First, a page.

normal s; // For standard normal distribution, double sd = 0.1; double x = 2.9; // Our required limit. // then probability p = N((x - mean) / sd) // So if we want to find the standard deviation that would be required to meet this limit, // so that the p th quantile is located at x, // in this case the 0.95 (95%) quantile at 2.9 kg pack weight, when the mean is 3 kg. double prob = pdf(s, (x - mean) / sd); double qp = quantile(s, 0.95); cout << "prob = " << prob << ", quantile(p) " << qp << endl; // p = 0.241971, quantile(p) 1.64485 // Rearranging, we can directly calculate the required standard deviation: double sd95 = abs((x - mean)) / qp; cout << "If we want the "<< p << " th quantile to be located at " << x << ", would need a standard deviation of " << sd95 << endl; normal pack95(mean, sd95); // Distribution of the 'ideal better' packer. cout <<"Fraction of packs >= " << under_weight << " with a mean of " << mean << " and standard deviation of " << pack95.standard_deviation() << " is " << cdf(complement(pack95, under_weight)) << endl; // Fraction of packs >= 2.9 with a mean of 3 and standard deviation of 0.0608 is 0.95

Notice that these two deceptively simple questions (do we over-fill or measure better) are actually very common. The weight of beef might be replaced by a measurement of more or less anything. But the calculations rely on the accuracy of the standard deviation - something that is almost always less good than we might wish, especially if based on a few measurements.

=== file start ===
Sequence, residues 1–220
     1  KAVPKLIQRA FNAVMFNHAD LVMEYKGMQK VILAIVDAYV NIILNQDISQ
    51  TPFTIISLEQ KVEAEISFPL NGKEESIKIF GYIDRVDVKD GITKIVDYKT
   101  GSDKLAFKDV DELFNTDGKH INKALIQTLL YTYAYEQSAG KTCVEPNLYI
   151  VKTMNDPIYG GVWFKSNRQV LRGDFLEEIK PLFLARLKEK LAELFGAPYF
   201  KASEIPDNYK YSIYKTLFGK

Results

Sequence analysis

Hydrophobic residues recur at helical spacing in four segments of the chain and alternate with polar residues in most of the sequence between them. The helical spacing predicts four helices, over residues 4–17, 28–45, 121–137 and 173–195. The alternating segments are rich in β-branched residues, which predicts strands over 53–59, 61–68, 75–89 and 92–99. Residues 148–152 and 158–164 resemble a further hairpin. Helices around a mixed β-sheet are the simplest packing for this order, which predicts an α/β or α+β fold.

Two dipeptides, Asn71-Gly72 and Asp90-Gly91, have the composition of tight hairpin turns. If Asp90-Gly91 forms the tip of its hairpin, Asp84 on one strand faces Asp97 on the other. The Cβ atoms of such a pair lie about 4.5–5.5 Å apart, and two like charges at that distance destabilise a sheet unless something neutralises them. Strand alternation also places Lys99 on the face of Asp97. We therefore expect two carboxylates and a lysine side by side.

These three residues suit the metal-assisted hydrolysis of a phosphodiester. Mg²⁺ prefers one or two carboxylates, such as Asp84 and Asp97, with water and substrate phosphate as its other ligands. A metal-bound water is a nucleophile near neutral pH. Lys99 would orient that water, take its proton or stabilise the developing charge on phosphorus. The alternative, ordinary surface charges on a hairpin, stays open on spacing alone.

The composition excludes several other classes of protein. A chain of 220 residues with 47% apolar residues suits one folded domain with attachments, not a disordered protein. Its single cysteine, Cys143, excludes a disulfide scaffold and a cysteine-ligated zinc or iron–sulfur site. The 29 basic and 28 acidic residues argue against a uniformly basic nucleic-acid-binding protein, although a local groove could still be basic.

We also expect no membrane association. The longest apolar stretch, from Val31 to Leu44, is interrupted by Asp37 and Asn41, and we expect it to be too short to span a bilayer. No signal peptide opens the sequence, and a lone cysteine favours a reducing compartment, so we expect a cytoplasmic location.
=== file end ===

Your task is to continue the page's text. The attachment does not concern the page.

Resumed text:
A bolt is usable if between 3.9 and 4.1 long. From a large batch of bolts, a sample of 50 show a mean length of 3.95 with standard deviation 0.1. Assuming a normal distribution, what proportion is usable? The true sample mean is unknown, but we can use the sample mean and standard deviation to find approximate solutions.

normal bolts(3.95, 0.1); double top = 4.1; double bottom = 3.9; cout << "Fraction long enough [ P(X <= " << top << ") ] is " << cdf(bolts, top) << endl; cout << "Fraction too short [ P(X <= " << bottom << ") ] is " << cdf(bolts, bottom) << endl; cout << "Fraction OK -between " << bottom << " and " << top << "[ P(X <= " << top << ") - P(X<= " << bottom << " ) ] is " << cdf(bolts, top) - cdf(bolts, bottom) << endl; cout << "Fraction too long [ P(X > " << top << ") ] is " << cdf(complement(bolts, top)) << endl; cout << "95% of bolts are shorter than " << quantile(bolts, 0.95) << endl;